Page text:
February 8, 2011
February 10, 2008
It seems that I have a compulsion to photograph trains. My rationale for this is that they are actually a very fuel efficient means of freight transport relative to other methods and deserve more attention for that reason. My wife however, says it’s because they are easier to track than wildlife. (Sorry, I just had to include that remark… couldn’t help myself!)
This freight transportation comparison is from the US Transportation Energy book for 2004, rating fuel consumption in BTU’s per ton mile: Air freight – 9,600; Heavy trucks – 3,357; Class 1 Railroads – 341. (Roughly 10 times more efficient than trucks, 30 times more efficient than air freight.) Interestingly enough you don’t hear much about this, even with the current focus on energy use. Are we ignoring something?
December 18, 2007
In this morning’s Billings Gazette was an article about Montana’s main supplier of electrical power, and here is an excerpt from it:
“NorthWestern Energy intends to double its wind power capacity over the next seven years but foresees no new coal plant construction due to uncertainty over global warming, according to documents released by the company Monday.”
Personally, I view this as very good news on a local scale, and yet….
Yesterday this train was headed east with over a hundred empty coal cars, returning to the coal fields of southeastern Montana or perhaps Wyoming.
This morning in another train just like it, this time heading west, were 117 cars, all of them heavily loaded with coal, bound most likely for the Port of Seattle, then on to China. But does it really matter where it goes? Ultimately it will end up in the air we breathe, whether that happens here in the States or whether it takes place overseas. I see one of these trains traveling these rails every single day, and that is one heck of a lot of coal!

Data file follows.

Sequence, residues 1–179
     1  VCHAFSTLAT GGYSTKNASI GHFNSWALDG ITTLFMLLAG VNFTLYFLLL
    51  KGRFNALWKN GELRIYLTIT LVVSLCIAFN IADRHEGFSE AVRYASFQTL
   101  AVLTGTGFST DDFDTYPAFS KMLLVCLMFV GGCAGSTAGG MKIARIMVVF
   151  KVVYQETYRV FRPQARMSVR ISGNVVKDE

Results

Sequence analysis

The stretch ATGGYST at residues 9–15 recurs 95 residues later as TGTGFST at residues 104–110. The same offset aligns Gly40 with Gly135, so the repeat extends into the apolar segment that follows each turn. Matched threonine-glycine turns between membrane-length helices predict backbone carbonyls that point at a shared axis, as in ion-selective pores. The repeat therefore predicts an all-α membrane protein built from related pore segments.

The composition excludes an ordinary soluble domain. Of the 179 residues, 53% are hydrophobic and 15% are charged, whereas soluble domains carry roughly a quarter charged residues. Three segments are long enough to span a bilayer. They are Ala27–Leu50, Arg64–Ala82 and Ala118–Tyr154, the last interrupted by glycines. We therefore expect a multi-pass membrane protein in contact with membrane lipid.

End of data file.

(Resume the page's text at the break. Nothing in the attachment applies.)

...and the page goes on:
Nine miles to the north of that scene and a mile above it is this one.
These clean white clouds and pure blue air are what we are willing to sacrifice as we continually attempt to satisfy an insatiable demand for energy. Hasn’t the world heard of conservation?
November 21, 2007
The issue was whether to permit 540 snowmobiles per day into Yellowstone or limit winter access to guided snow coaches.
“Snowmobile opponents wanted to see the machines eliminated from the park, saying they cause air and noise pollution, while snowmobile supporters want more, arguing many local businesses rely on income from snowmobilers.”
So, the argument was reducing air and noise pollution in the Parks versus local businesses relying on income from snowmobilers, and
guess who won?
THE INFAMOUS MAGIC WORDS “public access” again!
November 17, 2007
“it’s important I have written proof that Montanans don’t want members from New York and Connecticut dictating our land-use policy” (this is taken from a press release by Denny Rehberg, Montana’s sole member of the House of representatives, concerning his opposition to the Wilderness Bill, H.R. 1975. In the opening sentence of that release, he also called it a bill, “which would harm public access and recreation in Montana”.
It seems that every time an issue concerning the preservation of our National Forests or Parks arises, Montana’s representative the the House, Denny Rehberg, and Senator Max Baucus, throw their heads back and start braying about “public access” and outsiders “dictating our land-use policy”.